Between Earth and Sky

Between Earth and Sky

Between Earth and Sky, photo by Harold Davis. View this image larger.

On our way home from a sunset-to-night hike on the Tomales Point fork of Point Reyes, Mark and I stopped at the wreck of the Point Reyes fishing trawler. Many people like to photograph this trawler, which is easily accessible outside of Inverness, California.

The week before, at my Point Reyes night photography workshop, I’d been stymied in my idea of stacking photos to produce circular star trails (stymied because it was cloudy). But this time it was clear. The stars were bright, although a little less than on Tomales Point, probably because of the ambient light pollution.

I pointed the camera north, and used a digital fisheye lens to maximize the celestial rotation of the star trails.

First I tested the light with a one minute exposure at ISO 800 at f/3.5. Then I made an eight minute ISO 100 exposure (with in-camera long exposure noise reduction enabled) for the foreground. This image in its entirety is found below (I think it is interesting in its own right, with the still stars at the center and circular star trails around the edges).

Next, I turned noise reduction off, and programmed my Nikon MC-36 remote for twenty exposures, each capture at four minutes, ISO 100, and f/5.6.

It was damp and a bit chilly in the dark, and for a while Mark and I left my camera on autopilot and sat some distance away in my car, listening to the superb and eerie music of Alison Krauss and Robert Plant. After twelve exposures (about 48 minutes) our patience wore out and weariness won. Mark had a plane to catch in the morning for a business meeting, and I’ve been going on fumes since Katie Rose was born. I stopped the automated exposure process, and packed it in.

This morning, I combined the thirteen images in Photoshop using the Statistics script, choosing Maximum as the method for combination. An airplane trail in one of the captures made it into the stack, and I decided to keep this apparent visual anomaly. Finally, I layered in the longer exposure for the detail in the foreground and boat.

[Above: Thirteen captures, all captures Nikon D300, 10.5mm digital fisheye, tripod mounted; one capture 8 minutes at f/3.5 and ISO 100; twelve captures 4 minutes at f/5.6 and ISO 100; star trails created by statistical stacking of 13 exposures; foreground created by layer with the 8 minute exposure using a gradient and layer mask. Below: Nikon D300, 10.5mm digital fisheye, 8 minutes at f/3.5 and ISO 100, tripod mounted.]

Point Reyes Trawler at Eight

View this image larger.

This entry was posted in Digital Night, Photography, Point Reyes.

One Comment

  1. JeppeTT January 6, 2010 at 7:39 am #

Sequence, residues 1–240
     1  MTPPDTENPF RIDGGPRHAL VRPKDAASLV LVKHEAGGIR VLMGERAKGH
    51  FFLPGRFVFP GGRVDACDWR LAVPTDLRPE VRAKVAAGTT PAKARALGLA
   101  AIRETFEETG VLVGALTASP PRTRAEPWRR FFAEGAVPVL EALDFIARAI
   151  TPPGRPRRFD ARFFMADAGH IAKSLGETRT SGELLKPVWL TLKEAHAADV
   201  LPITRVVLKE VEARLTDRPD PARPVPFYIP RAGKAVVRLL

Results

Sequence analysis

Hello Harold.
    I think your photos are absolutely impressing, and you certainly make me want to experiment with it myself. I just don’t quite understand how you calculate your f-stops at long shutter speed?

15 Trackbacks

  1. […] star trails, and I even schlepped a second camera body and tripod so I could multitask by taking automated exposures for stacking in […]

  2. […] and two cameras. I set one of the cameras to automatically capture a series of exposures, with statistical stacking in mind; with the other camera I […]

  3. […] The ambient light from San Francisco made the stars relatively less bright compared to the wilderness, and I wasn’t pointed north so my circles were smaller. […]

  4. […] D300, 10.5mm digital fisheye, foreground 10 minutes at f/2.8 and ISO 100, background 13 stacked exposures at 4 minutes and f/4 and ISO 100, total capture time about one hour, tripod […]

  5. […] pointed north. Polaris, the North Star, will be stationary in the center of circular moving stars. Between Earth and Sky illustrates this […]

  6. By Moonset over San Francisco | Photoblog 2.0 on December 2, 2008 at 8:27 pm

    […] stacked all the exposures together using the Photoshop Statistics action. I think my computer took more time thinking about combining the nineteen exposures than they took […]

  7. By Morse Code | Photoblog 2.0 on December 27, 2008 at 9:58 am

    […] The shorter trails go with the shorter exposure, and the longer trails with the longer exposure. Stacking star trails is usually done with many exposures created using an interval timer, but I stacked with only two to […]

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    […] that you better have something interesting in the foreground of a fisheye composition (consider my Between the Earth and Sky as an […]

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    […] is a stacked composite of ten four minute exposures at f/3.5 each, at ISO 200, using my 10.5mm digital fisheye, for a […]

  11. By Stacking Star Trails | Photoblog 2.0 on August 12, 2009 at 5:53 pm

    […] north. Polaris, the North Star, will be stationary in the center of circular moving stars.   Between Earth and Sky illustrates this well. In addition, the wider the angle of the lens you use the greater the […]

  12. […] D300, 10.5mm digital fisheye, foreground 10 minutes at f/2.8 and ISO 100, background 13 stacked exposures at 4 minutes and f/4 and ISO 100, total capture time about one hour, tripod mounted. […]

  13. […] have photographed the beached Point Reyes trawler, located near Inverness, California, by starlight and by daylight in the afternoon. This photo was by iPhone, made while my boys clambered over the […]

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  15. By Blast from the Past: Between Earth and Sky on January 7, 2016 at 9:03 am

    […] Originally published September 22, 2008 […]

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